Six Dimensions for Decomposing Stories

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Many teams struggle to break down stories to a size that can be completed within a sprint. Perhaps the product needs seem too large, or the technical debt is too deep. There could be a high degree of uncertainty around what the product should be. Or, the team might be new to the domain. Regardless of the reason, here are a few ways we tackle this in the dojo - and given that we generally do two-and-a-half-day sprints in the Dojo it’s critical that teams develop this skill.

Here are six dimensions to think about when decomposing stories.

CONTEXT

Many teams lack big picture understanding for products they build. Instead of having deep knowledge of the problem they are trying to solve, they are equipped only with a backlog of things to do. In these situations, it’s difficult to find meaningful decompositions of the work. Take a simple example - a need to filter a search result. Without context of how customers actually use the product, teams resort to building filtering capabilities for every element in the search result. Even if they have ideas around building filtering incrementally it’s hard for them to make decisions on what to build first without product context.

In the dojo, we focus on building product context for teams - not just around what they are building, but also why they are building it and who they are building it for. We use product chartering, personas, and story maps to ensure everyone has a shared understanding of the problem space. Teams are able to break down stories more easily when they have product context. Back to the search example – when teams have product context they’re able to say “this filter is important in the context of the search we’re implementing for this persona right now.”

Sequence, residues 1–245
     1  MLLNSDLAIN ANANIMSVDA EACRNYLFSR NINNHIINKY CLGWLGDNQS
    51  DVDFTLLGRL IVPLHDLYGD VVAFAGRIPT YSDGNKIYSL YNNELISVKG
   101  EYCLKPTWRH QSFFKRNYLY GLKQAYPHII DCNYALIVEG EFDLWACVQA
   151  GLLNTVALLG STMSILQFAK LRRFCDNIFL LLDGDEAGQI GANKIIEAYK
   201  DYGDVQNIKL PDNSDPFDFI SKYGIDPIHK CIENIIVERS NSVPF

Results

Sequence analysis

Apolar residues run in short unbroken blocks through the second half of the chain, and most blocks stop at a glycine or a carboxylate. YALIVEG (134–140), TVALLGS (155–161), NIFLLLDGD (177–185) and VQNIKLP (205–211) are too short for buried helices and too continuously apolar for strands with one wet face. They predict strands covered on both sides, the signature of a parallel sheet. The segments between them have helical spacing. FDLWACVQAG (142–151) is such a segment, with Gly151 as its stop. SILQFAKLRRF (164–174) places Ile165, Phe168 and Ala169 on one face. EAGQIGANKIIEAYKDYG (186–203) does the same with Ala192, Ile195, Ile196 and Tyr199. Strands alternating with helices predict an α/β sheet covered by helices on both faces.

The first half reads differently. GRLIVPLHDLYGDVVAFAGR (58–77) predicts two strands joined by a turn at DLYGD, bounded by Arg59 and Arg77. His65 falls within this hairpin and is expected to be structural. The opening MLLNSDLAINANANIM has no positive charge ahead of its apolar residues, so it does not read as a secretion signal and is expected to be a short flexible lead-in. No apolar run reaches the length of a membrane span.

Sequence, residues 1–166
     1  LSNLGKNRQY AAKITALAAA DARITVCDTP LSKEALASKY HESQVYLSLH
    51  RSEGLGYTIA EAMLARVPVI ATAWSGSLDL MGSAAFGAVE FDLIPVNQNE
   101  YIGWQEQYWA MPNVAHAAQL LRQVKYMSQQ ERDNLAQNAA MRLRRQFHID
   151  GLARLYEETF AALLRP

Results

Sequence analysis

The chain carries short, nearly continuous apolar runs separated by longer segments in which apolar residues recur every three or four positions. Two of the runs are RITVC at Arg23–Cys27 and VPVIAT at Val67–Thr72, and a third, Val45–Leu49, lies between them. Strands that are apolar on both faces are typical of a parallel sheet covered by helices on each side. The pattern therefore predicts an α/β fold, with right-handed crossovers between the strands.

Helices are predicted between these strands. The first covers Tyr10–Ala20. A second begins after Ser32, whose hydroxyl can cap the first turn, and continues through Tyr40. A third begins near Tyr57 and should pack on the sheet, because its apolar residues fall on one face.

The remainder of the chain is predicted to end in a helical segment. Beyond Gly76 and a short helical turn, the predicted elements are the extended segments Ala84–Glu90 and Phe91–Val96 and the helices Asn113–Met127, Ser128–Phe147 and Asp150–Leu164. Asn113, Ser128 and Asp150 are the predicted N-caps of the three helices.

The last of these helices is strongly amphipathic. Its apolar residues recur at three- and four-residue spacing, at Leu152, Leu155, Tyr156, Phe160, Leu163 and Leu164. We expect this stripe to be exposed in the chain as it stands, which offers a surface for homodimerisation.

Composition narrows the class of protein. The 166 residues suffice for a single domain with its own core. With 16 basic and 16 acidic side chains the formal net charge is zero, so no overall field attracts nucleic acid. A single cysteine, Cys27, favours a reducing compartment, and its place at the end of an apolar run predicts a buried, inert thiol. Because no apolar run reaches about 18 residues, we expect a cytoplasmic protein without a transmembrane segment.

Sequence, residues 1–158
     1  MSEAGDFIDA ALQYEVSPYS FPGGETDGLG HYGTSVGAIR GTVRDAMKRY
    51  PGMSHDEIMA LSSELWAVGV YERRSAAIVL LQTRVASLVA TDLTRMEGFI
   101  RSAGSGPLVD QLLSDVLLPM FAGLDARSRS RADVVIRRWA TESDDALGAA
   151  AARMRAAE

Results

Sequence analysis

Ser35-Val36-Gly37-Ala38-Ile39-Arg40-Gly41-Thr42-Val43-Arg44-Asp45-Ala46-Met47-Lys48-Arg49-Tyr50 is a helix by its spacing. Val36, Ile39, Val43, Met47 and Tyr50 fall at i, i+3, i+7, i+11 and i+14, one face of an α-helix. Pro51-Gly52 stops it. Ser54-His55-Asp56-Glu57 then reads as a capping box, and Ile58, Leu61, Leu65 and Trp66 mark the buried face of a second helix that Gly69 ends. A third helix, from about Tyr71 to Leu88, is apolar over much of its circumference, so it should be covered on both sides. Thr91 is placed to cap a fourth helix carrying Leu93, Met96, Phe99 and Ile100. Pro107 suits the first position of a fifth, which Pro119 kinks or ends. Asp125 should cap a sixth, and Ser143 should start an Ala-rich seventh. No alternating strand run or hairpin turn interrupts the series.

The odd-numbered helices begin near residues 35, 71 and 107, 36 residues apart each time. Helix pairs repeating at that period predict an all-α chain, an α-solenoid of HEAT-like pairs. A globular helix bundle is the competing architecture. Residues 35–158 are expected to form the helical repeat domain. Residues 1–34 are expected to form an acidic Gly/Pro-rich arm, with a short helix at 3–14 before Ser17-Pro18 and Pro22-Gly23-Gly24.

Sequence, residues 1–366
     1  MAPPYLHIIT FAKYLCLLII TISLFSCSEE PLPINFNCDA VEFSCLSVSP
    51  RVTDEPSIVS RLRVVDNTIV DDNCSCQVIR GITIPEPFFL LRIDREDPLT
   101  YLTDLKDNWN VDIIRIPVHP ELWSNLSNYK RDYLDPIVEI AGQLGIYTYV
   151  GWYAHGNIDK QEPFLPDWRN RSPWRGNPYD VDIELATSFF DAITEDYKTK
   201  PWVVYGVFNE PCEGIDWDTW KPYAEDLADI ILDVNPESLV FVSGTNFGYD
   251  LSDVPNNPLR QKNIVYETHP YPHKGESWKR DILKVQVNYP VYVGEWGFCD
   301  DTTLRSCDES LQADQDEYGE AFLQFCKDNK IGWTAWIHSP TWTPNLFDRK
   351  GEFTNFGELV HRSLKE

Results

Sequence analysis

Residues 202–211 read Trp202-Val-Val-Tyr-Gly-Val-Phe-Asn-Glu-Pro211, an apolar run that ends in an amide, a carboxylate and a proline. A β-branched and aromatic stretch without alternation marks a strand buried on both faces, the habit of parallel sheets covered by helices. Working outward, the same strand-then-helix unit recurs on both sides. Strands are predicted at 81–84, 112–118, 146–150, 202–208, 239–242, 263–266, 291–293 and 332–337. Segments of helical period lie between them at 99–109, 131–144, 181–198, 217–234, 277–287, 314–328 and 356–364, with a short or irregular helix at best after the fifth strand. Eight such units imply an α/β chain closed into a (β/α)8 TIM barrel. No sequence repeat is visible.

COMPLEXITY

Products can be complicated to build. Some products require integrations with large datasets or other systems that have less than ideal APIs or interfaces. Or, an innovative product idea that could make a user's life better may be very complex to implement.

Development efforts like this naturally take time. They are ripe for errors when estimating the work effort because there are so many unknowns. Knowledge is created quickly in these spaces as a result of all the learning that occurs during development. It’s difficult to estimate the effort and time required for this learning.

When working with teams in the dojo on these types of problems we look for paths of increasing complexity. We start with simple, obvious cases. Sometimes teams will push back and insist we’re starting too simply. (We often hear a similar objection when teaching test-driven development and we’re giving guidance on creating the first test.) Teams often over-estimate their ability to handle complexity.

For that great search feature, we will start with a direct match before we work towards more complex criteria. Later, after we have learned more about the tech and the product, the team might graduate to working on fuzzy logic.

Teams learn as they go and move gradually into more and more complex scenarios.

EXAMPLES

Using examples is our favorite technique and quite possibly the simplest. It’s sort of “Team Test-Driven Product Development”. Teams could even call it building against test cases.